Turkish Bath – Now on Society6

I spent all Sunday and many hours after that painfully scanning three A1 drawings on a A4 scanner.

I looked all over London but couldn’t find anyone scanning high-resolution drawings.

Which frankly astounds me. Don’t other people want their large work scanned? Apparently not.

Each drawing needed about 9-11 overlapping scans, then I needed to stitch them all together in photoshop.

You have to start at one corner and overlap them, top to bottom and left to right, using the ‘multiply’ filter to align the details of the drawing as closely as possible. Usually the scans are at various angles so you have to gently rotate all the pieces to get them to align.

It’s excruciating.

But I finished this one and it’s available as prints and skins on society6.

Go get a print! 

Turkish Bath

Turkish Bath

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4 thoughts on “Turkish Bath – Now on Society6

  1. Is it Philistine to ask how you’d describe this?

    It has a kind of airy, pleasantly fantastical air about it, almost like a children’s book illustration. There’s enough spaciousness, along with a sort of disinterested air, that makes it feel like it’s defusing the sense of the erotic and inviting the viewer to consider other things.

    On the other hand: there are a lot of naked birds in there.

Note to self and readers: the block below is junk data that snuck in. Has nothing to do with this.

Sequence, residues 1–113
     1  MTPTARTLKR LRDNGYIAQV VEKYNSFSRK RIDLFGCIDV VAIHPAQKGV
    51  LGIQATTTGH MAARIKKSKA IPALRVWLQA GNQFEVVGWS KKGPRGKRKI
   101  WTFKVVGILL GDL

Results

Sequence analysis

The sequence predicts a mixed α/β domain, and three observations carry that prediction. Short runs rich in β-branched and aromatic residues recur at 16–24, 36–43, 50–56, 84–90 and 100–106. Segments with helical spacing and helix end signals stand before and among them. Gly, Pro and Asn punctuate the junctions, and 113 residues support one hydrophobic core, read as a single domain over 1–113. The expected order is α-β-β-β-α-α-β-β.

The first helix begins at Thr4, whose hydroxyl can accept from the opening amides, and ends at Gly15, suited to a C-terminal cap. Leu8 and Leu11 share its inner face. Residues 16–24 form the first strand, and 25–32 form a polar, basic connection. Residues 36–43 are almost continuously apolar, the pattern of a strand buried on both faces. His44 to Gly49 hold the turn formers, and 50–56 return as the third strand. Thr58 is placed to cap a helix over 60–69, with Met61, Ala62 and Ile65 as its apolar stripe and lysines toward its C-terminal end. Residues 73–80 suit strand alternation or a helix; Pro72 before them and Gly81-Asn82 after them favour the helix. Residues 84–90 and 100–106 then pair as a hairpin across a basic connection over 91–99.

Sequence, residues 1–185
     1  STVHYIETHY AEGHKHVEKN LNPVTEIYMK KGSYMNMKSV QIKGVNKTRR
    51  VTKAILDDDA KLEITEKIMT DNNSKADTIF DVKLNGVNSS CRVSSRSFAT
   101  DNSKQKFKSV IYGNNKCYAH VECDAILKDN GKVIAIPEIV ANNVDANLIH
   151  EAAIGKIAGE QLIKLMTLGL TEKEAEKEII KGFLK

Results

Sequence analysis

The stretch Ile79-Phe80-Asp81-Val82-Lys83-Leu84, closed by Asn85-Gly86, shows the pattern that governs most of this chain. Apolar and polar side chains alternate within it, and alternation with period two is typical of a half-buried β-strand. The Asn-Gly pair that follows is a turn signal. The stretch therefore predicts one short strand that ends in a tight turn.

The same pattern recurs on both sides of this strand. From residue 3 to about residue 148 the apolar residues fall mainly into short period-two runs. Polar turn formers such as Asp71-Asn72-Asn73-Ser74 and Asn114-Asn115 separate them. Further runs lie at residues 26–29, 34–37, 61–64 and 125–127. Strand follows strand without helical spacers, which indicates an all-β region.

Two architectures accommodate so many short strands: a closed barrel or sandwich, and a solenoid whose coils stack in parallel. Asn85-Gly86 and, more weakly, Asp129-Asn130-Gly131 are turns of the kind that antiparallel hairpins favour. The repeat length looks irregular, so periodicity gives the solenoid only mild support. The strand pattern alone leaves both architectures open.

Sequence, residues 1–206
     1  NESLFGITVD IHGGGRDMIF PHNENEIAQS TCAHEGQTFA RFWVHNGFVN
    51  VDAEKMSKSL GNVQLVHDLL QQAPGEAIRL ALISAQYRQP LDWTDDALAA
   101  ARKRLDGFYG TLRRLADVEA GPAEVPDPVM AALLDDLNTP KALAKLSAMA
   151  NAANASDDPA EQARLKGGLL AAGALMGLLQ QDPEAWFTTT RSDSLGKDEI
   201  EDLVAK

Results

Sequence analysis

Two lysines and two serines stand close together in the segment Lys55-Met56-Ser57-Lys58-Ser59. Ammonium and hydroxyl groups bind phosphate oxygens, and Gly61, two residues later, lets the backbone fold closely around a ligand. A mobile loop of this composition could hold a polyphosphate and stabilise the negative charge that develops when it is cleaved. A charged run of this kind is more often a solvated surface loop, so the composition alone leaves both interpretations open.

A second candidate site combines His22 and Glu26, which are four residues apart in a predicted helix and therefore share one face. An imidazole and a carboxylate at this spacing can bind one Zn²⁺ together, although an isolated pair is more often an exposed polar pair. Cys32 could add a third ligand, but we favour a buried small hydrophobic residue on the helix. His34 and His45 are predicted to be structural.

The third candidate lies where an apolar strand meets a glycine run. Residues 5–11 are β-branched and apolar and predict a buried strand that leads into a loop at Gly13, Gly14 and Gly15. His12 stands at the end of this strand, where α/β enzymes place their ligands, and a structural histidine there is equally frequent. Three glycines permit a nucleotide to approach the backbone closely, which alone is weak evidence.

2. No not at all.
    This is the sequel to another drawing (which i will put up once it’s stitched together) called the Arsonists Ball.
    That drawing is madly crowded and very busy.
    So this is the post ball scene. The ladies of this dysfunctional house are relaxing after an all nighter as it were.
    I think there is a voyeuristic element to this drawing. It references all those old drawings of women lazing around opulently in bath houses, during the Oriental craze, painted mostly by men. So I think your assessment of it is very apt. Not quite erotic, but voyeuristic.

  3. I like this one a lot. Reminiscent of the odalisque paintings (like you mentioned) but there’s also that Zelda Fitzgerald-y hair that you’ve given a number of them, which confuses things a bit. Sort of mishmashing the Roaring Twenties with woozy Orientalist romanticism. Even before I read your comment about the other drawing, I imagined these women going ballistic at a party before. Now I want to see Arsonists’ Ball.

Deranged comments preferred

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